Fixer-uppers not for the faint-of-heart
September 23, 2014
HOME OWNERSHIP STRATEGIES
Special to The Globe and Mail
When Eileen Muzzin and her partner, Dan Pedersen, were searching for a home in Vancouver, they knew they wouldn’t be buying a place with granite countertops or a peekaboo view. With a modest budget – by Vancouver standards – they ultimately decided on a fixer-upper on the city’s east side.
The couple got a 2,000-square-foot home with walls painted red and gold, a weak electrical system, various objects buried in the backyard and a kitchen that was last renovated in 1961.
“We were digging in our yard and found a rolled-up carpet two feet down,” Ms. Muzzin recalls. “There were really old bricks there too, which we ended up reusing between our garden beds.
“We basically bought the crappiest house in the neighbourhood we wanted to live in,” Ms. Muzzin says.
The two were smart to buy in a community they coveted. There’s truth behind the cliché “location, location, location.”
“You can fix a home but you can’t fix a neighbourhood,” says Vancouver real estate agent Kel Parry.
What the home also had was good bones. The trick to purchasing a fixer-upper without ending up with buyer’s remorse is distinguishing between a home that has “potential” and one that could turn out to be a disaster.
To do that, a home inspection is a must. But that’s just the starting point, says Mr. Parry, who himself bought a fixer-upper with his wife many years ago in North Vancouver.
Hire a contractor to give you estimates on fixing problems. “If you can, get two or three quotes. Once you start getting those numbers down, tack on another 30 per cent for contingency,” he says.
“The first thing I tell clients when they’re considering a fixer-upper is, whatever you’ve budgeted, make sure you have more than that,” he adds. “There are always hidden costs.”
Aside from using savings, credit cards or lines of credit for HGTV-style projects, buyers can secure financing at the time of purchase through mortgages such as the CMHC Improvement program or Genworth’s Purchase Plus Improvements program.
Fixer-uppers typically need expensive renovations of kitchens and washrooms. Other common and costly jobs include repairing or replacing the roof and windows as well as upgrading the electrical and plumbing systems.
Some repairs are deal-breakers, with structural and foundation problems typically falling in that category.
“If you’re looking at a property that will continue to cost you money in the long run, and will cost you a lot of money right out of the gate, you want to get a professional opinion on that,” Mr. Parry says, adding that it’s important to do a property-information search with the city or municipality. “Structural and foundation issues are big.”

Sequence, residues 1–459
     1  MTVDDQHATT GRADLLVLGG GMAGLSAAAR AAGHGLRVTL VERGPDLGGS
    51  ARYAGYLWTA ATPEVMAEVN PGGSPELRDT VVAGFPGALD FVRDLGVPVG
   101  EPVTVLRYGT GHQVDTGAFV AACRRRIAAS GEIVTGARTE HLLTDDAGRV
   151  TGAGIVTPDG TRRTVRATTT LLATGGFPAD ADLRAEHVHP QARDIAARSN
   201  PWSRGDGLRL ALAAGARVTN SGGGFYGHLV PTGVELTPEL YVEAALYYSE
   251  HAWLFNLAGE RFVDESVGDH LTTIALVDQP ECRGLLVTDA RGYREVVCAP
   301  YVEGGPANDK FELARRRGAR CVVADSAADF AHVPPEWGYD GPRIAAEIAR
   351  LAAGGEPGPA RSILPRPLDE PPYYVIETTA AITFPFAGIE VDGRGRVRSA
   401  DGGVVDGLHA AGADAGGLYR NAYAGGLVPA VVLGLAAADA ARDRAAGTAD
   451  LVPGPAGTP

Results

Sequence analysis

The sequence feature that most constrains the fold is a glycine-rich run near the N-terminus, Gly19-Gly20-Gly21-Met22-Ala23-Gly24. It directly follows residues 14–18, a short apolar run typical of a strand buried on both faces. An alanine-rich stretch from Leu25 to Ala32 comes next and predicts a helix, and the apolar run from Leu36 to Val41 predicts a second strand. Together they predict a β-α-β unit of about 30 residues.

An oil tank buried in the yard is another red flag, says Vancouver home inspector Tom Munro, founder of Munro Home Inspections.
“Oil tanks are the ultimate deal-breaker,” says Mr. Munro, who claims to be the only inspector in the Greater Vancouver area who scans for buried tanks using a magnetic sensor. “The tank needs to be disposed of properly. You need to get an oil-tank-removal certificate, and then you need an independent soil-sample analysis.”
Aside from the environmental impact, cleanup can be costly. One North Vancouver homeowner had to spend $85,000 on the removal of a tank and the ensuing decontamination of her property in 2012.
Mr. Munro has found other buried treasure during home inspections. He discovered a Volkswagen Beetle in one backyard where the swimming pool used to be. In the fixer-upper he bought himself recently, a previous owner had deposited all of the old appliances under a few feet of dirt.
Then there’s the accompanying stress of renovations. They can take a toll on relationships as well.
“If you anticipate a number of projects, you have to be prepared to live in that situation with dust, with tarps, with all the things that come with living in a construction zone,” Mr. Parry says. “It’s very disruptive, especially if you have young children. If you can get renos started before you move in or even stay with relatives or in a hotel for a short period, those are worth considering. Some people don’t mind it, but it’s not for everyone.”
Mr. Munro says with a laugh: “I’m a marriage counsellor as much as a home inspector.”
For Ms. Muzzin and her partner, living amid the mess has so far been worth it. They enjoy working on their home and going to salvage lots for unique finds.
They installed a beautiful claw-foot tub with polished chrome feet in the main bathroom they renovated themselves. They hired professionals to replace the roof and upgrade the electrical system. Next up is that 1961 kitchen, with its linoleum floors and teal-coloured everything.
“I love having my own home to work on,” Ms. Muzzin says. “But it’s not for the faint-hearted.”